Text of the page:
[tlhIngan Hol] same sex marriage

Elizabeth Faber elizabeth.lawrence08 at gmail.com
Thu Jul 13 16:40:58 PDT 2017

The norms of this group include certain shared understandings, such as the
idea that all known Klingon has been relayed to us from Maltz via Marc
Okrand, or that Captain Krankor speaks no English and Rich Yampell speaks
no Klingon.  We have a lot of fun living within these shared
understandings.  Lieven relayed to us Maltz's statement about Klingon
culture and language usage.  That is how the statement should be viewed
according to the norms of this group.  Please keep within their spirit.


On Thu, Jul 13, 2017 at 5:38 PM, Rebecca Krause <
rebecca.krause.1985 at gmail.com> wrote:

> thanks for the lesson in heteronormativity Maltz/Marc but we didn't need
> you to explain it to us
> On Thu, Jul 13, 2017 at 5:35 PM, Rebecca Krause <
> rebecca.krause.1985 at gmail.com> wrote:
>> 2017
>> On Thu, Jul 13, 2017 at 4:07 PM, Lieven <levinius at gmx.de> wrote:
>>> Last month, the German government has decided to allow the same sex
>>> marriage. This means that a man can marry a man, and a woman can marry a
>>> woman. We have the Klingon verbs {Saw} for the man and {nay} for what the
>>> wife does. I wanted to twitter about that in Klingon, and wondered if
>>> {Sawchuq} would make sense. I contacted Marc Okrand, who talked to Maltz
>>> about that, and instead of just saying "yes", Maltz provided some more
>>> interesting details, including the verb {tlhogh}.
>>> The entire message is archived here:
>>> http://www.qephom.de/e/message_from_maltz_170713.html
>>> ---begin---
>>> Lieven –
>>> I had a talk with Maltz about this, and he had more to say about it than
>>> I would have guessed!
>>> First of all, he said that {Sawchuq} and {naychuq} are perfectly good
>>> words and would be understood to refer to same-sex marriage.
>>> But he went on...
>>> Though {Saw} and {nay} are defined in terms of male/female and when used
>>> in this way everything is fine, the idea is not simply that when men get
>>> married they do something that's somehow different from what women do when
>>> they get married. The concept is more of a yin-yang thing. That is, there
>>> are two people joining together in marriage who are not the same as each
>>> other. They complement each other, complete each other – all that kind of
>>> stuff people say at weddings. It all goes back to the relationship Kahless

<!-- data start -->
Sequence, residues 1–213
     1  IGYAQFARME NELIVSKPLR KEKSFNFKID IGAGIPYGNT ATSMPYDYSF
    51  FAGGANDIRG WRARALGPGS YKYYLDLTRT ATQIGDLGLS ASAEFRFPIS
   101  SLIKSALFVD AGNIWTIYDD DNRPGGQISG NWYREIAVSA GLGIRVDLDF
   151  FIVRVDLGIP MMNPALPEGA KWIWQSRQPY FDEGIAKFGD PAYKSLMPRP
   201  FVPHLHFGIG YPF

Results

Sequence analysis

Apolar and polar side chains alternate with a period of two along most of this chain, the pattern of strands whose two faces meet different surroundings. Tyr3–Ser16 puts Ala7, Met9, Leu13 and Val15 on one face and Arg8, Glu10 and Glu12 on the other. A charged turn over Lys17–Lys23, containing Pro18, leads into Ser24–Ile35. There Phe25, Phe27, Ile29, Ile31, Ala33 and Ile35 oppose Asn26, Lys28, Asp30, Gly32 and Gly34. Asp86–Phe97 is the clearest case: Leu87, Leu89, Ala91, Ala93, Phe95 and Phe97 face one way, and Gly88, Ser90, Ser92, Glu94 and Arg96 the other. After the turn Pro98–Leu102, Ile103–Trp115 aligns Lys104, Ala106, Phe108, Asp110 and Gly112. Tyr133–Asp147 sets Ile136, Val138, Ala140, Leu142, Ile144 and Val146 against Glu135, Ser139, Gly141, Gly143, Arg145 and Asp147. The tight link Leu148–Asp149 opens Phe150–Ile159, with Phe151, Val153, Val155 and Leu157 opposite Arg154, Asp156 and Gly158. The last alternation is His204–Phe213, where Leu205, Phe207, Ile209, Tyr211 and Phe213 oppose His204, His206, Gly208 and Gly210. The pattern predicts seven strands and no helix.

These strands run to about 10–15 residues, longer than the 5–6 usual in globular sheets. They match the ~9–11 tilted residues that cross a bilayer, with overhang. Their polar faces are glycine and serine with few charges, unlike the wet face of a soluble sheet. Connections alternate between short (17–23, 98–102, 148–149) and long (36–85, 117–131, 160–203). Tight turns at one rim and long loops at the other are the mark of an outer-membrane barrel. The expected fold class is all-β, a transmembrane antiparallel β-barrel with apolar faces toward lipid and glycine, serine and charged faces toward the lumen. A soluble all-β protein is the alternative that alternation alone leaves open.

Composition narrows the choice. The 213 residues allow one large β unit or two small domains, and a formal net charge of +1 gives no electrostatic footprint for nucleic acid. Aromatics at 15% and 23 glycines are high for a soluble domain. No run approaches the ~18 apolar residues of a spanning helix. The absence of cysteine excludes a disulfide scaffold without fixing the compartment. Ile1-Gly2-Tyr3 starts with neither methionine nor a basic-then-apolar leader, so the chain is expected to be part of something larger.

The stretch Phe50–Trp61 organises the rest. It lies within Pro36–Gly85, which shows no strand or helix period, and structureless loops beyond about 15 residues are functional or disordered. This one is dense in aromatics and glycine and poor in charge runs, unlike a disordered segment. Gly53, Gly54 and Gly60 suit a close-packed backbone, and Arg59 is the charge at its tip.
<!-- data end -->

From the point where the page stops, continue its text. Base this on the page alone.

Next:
>>> and Lukara had. So one of the people getting married brings one set of
>>> values, strengths, abilities, etc., to the marriage, and the other brings
>>> another (complementary, overlapping, enhancing) set. And vice versa. That's
>>> why, when they get married, they're not said to do the same thing.
>>> Now, you may say, if using two words for "marry" is because there are
>>> two different but complementary partners, shouldn't the word for "marry"
>>> when both people getting married are the same gender also be two different
>>> words? If so, {Sawchuq} and {naychuq} don't accomplish that.
>>> And, if you said all of that, you would be right. But the association of
>>> {Saw} with "husband" and {nay} with "wife" has been around for so long, the
>>> "complementariness" notion has been lost for many people. That's why
>>> {Sawchuq} and {naychuq} are easily understandable when used for same-sex
>>> marriage.
>>> In addition, though, at least in some places, people are dealing with
>>> gender in a way that goes beyond simple "male" and "female." So if one of
>>> the people getting married doesn't identify as either "male" or "female" –
>>> or if both don't - then what do you do? Theoretically, both use {nay} or
>>> both use {Saw} or one uses {nay} and the other uses {Saw}, but how to
>>> choose and which is which? This is particularly tricky because these two
>>> words are tangled up with "female" and "male," exactly what those
>>> identifying as neither are wanting to not express.
>>> Maltz says that, more and more, he's hearing an older word, {tlhogh}. (I
>>> don't know how he's hearing this – my basement isn't really equipped for
>>> extraterrestrial communication – but I certainly believe him.) The noun
>>> {tlhogh} is quite common. It means "marriage," and it can be used for
>>> anybody marrying anybody. The verb {tlhogh}, however, was long considered
>>> quaint or archaic. But it's being used with increased frequency. It means
>>> "marry" and, like its noun counterpart, it can be used by both partners
>>> regardless of sex/gender, so it's used for male-male marriages,
>>> female-female marriages, and everything else. Use of this word lacks the
>>> yin-yang connotation of {Saw} and {nay}, but it's well suited for
>>> expressing what the folks getting married are up to. Depending on what you
>>> want to say, both {tlhogh} and {tlhoghchuq} are heard: {B tlhogh A} "A
>>> marries B"; {tlhoghchuq A B je} "A and B marry each other." But some
>>> Klingons also say {Sawchuq} and {naychuq}. The choice seems to be whatever
>>> the folks getting married prefer.
>>> I hope this helps.
>>> See you soon.
>>>  – Marc
>>> ----end of file----
>>> --
>>> Lieven L. Litaer
>>> aka Quvar valer 'utlh
>>> Grammarian of the KLI
>>> http://www.facebook.com/Klingonteacher
>>> http://www.klingonwiki.net
>>> _______________________________________________
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>>> tlhIngan-Hol at lists.kli.org
>>> http://lists.kli.org/listinfo.cgi/tlhingan-hol-kli.org
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